Facebook on Thursday announced it’s rolling out a new Jobs section on the mobile app and via the web interface at facebook.com/jobs. This new feature will allow users to find and apply for hourly-paid job openings advertised on the service by small businesses in the United States and Canada.
Designed for lower-skilled workers and people who aren’t actively looking for a job, the new section is currently in limited testing in the US. Job posts will be accessible through News Feed via a dedicated Jobs tab and promoted on the business’ Facebook Page.
According to Facebook, applicants will be able to search job openings.
Job posts may appear in users’ News Feed, in the new bookmark for the Jobs section and alongside other posts on business Pages. When they find a job opening they’re interested in, applicants will simply tap a new Apply Now button. To make the application process a frictionless experience, the system will pull user and business data from Facebook’s database and pre-fill information.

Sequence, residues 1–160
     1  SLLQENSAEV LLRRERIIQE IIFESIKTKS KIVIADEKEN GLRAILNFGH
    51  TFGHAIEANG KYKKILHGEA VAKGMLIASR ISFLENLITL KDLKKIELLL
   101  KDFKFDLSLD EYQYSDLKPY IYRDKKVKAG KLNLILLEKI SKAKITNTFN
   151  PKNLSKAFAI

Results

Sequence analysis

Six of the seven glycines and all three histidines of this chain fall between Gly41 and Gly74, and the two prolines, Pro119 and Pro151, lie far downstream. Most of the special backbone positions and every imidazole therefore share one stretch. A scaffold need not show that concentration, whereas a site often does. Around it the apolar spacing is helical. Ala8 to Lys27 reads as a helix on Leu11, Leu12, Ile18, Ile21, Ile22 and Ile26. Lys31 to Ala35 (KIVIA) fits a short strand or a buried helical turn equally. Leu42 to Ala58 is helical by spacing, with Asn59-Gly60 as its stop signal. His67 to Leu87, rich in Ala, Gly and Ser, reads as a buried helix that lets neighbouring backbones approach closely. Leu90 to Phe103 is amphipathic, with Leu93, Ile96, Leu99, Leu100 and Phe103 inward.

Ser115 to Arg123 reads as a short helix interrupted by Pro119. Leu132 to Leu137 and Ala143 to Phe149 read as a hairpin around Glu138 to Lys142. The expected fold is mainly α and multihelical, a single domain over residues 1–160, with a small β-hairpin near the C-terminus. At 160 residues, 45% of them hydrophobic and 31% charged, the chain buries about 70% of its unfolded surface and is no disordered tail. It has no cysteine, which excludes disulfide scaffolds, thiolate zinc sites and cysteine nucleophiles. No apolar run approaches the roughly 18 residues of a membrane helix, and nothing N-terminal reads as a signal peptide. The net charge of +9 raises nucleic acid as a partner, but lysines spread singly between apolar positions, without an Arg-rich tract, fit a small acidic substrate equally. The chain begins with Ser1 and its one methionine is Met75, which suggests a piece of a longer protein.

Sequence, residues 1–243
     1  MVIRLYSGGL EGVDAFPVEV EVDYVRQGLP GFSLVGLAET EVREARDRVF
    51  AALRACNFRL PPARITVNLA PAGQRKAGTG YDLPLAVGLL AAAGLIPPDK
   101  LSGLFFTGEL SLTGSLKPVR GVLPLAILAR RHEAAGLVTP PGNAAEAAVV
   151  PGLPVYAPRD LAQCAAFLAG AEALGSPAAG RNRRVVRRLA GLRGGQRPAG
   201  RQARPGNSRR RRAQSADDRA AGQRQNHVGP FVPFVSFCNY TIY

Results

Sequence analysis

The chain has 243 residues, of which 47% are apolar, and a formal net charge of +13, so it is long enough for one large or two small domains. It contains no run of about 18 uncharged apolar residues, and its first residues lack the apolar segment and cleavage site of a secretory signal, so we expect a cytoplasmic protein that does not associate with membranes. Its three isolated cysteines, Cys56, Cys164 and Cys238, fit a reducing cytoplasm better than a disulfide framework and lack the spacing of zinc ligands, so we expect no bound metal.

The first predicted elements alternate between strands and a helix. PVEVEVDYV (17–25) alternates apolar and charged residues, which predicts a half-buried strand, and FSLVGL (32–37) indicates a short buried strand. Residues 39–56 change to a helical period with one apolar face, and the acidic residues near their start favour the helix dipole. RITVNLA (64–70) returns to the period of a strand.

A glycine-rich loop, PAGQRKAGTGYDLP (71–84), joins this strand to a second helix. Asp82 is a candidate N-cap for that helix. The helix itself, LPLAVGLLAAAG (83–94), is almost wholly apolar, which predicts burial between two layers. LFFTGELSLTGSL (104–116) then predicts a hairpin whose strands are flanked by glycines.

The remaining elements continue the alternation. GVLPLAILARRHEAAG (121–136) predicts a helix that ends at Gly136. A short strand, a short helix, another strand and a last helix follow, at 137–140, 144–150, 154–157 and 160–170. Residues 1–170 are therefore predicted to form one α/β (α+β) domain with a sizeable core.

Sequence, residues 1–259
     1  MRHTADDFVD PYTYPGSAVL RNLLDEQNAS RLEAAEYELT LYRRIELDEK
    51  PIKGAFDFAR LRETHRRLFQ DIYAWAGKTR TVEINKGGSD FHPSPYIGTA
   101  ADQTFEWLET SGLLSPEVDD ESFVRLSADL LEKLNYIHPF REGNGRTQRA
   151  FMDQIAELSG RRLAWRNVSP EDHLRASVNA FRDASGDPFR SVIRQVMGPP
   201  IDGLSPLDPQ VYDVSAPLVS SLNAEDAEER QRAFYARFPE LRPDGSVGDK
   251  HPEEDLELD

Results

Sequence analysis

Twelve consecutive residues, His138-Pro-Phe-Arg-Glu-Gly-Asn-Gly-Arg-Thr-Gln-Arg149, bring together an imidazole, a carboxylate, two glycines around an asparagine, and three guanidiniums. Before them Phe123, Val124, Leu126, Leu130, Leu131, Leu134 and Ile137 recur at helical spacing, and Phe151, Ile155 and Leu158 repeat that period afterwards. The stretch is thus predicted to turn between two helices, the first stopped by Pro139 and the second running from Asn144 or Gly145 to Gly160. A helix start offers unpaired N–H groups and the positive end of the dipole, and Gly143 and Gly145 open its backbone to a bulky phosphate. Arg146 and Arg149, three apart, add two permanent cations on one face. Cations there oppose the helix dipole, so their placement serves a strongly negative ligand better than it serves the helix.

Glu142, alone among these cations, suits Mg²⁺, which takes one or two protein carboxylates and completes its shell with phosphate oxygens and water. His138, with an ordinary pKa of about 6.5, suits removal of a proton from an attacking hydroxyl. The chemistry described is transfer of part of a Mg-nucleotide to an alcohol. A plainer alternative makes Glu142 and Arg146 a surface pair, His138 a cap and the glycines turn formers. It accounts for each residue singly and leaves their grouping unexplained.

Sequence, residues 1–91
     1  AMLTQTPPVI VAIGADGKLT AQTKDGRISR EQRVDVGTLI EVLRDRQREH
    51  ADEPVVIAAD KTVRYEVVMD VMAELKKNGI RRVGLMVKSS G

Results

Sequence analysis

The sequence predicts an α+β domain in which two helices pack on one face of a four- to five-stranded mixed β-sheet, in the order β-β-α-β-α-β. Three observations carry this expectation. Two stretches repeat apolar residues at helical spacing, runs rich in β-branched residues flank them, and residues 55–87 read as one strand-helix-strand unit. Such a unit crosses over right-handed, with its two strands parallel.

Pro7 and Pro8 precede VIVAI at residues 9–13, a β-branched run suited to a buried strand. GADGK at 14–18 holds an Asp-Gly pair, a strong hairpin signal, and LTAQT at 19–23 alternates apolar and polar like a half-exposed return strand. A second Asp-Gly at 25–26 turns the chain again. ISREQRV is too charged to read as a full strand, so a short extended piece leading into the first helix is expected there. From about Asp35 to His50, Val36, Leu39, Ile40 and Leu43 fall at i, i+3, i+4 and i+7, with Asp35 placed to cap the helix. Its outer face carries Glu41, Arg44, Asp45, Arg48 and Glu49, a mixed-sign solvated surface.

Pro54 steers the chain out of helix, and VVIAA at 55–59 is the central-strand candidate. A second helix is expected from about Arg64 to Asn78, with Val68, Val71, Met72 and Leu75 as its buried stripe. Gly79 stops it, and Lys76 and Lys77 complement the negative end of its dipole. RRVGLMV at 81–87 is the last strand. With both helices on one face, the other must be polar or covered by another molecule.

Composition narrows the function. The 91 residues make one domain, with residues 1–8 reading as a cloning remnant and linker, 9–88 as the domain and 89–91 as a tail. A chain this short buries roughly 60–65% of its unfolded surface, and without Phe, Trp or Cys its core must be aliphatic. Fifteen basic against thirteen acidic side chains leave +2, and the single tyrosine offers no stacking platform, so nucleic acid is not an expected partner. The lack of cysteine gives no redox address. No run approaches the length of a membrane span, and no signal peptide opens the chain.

Applicants then review their information and fill in any missing data before sending.
Small business owners will be allowed to review applicants on Facebook’s web interface, set up an interview date and even contact them by chat, audio or video through Facebook Messenger, all on mobile and all in one place.
According to ADP Research Institute and unpublished research from ADP, LLC conducted in 2015, as many as forty percent of small businesses in US report that filling jobs was more difficult than they expected.
According to the social networking behemoth, they’ve tested the new jobs experience in parts of the US, saying that some of the interested businesses are already filling roles.
“It was great because it was easy,” says Wendy Grahn, co-owner of the Chicago-based Lakeview Kitchen and Market. “It took three minutes to fill out the information and put it out there. Then someone saw the post, we talked and it was done.”
TechCrunch opines that Facebook is taking advantage of the fact that Linkedin has fallen short in terms of focusing on small businesses that are having trouble hiring.
LinkedIn has become a destination for purposeful job seekers looking for medium- and high-skilled roles. But for people seeking part-time or hourly jobs, LinkedIn’s focus on your resume and education might have made them hesitant to sign up, and it’s not designed for applying to lots of jobs en masse. And unless you’re unemployed or actively seeking a new job, you might not have a reason to visit LinkedIn.
“Two-thirds of job seekers are already employed,” says Facebook’s Vice President of Ads and Business Platform Andrew Bosworth. “They’re not spending their days and nights out there canvassing for jobs. They’re open to a job if a job comes.”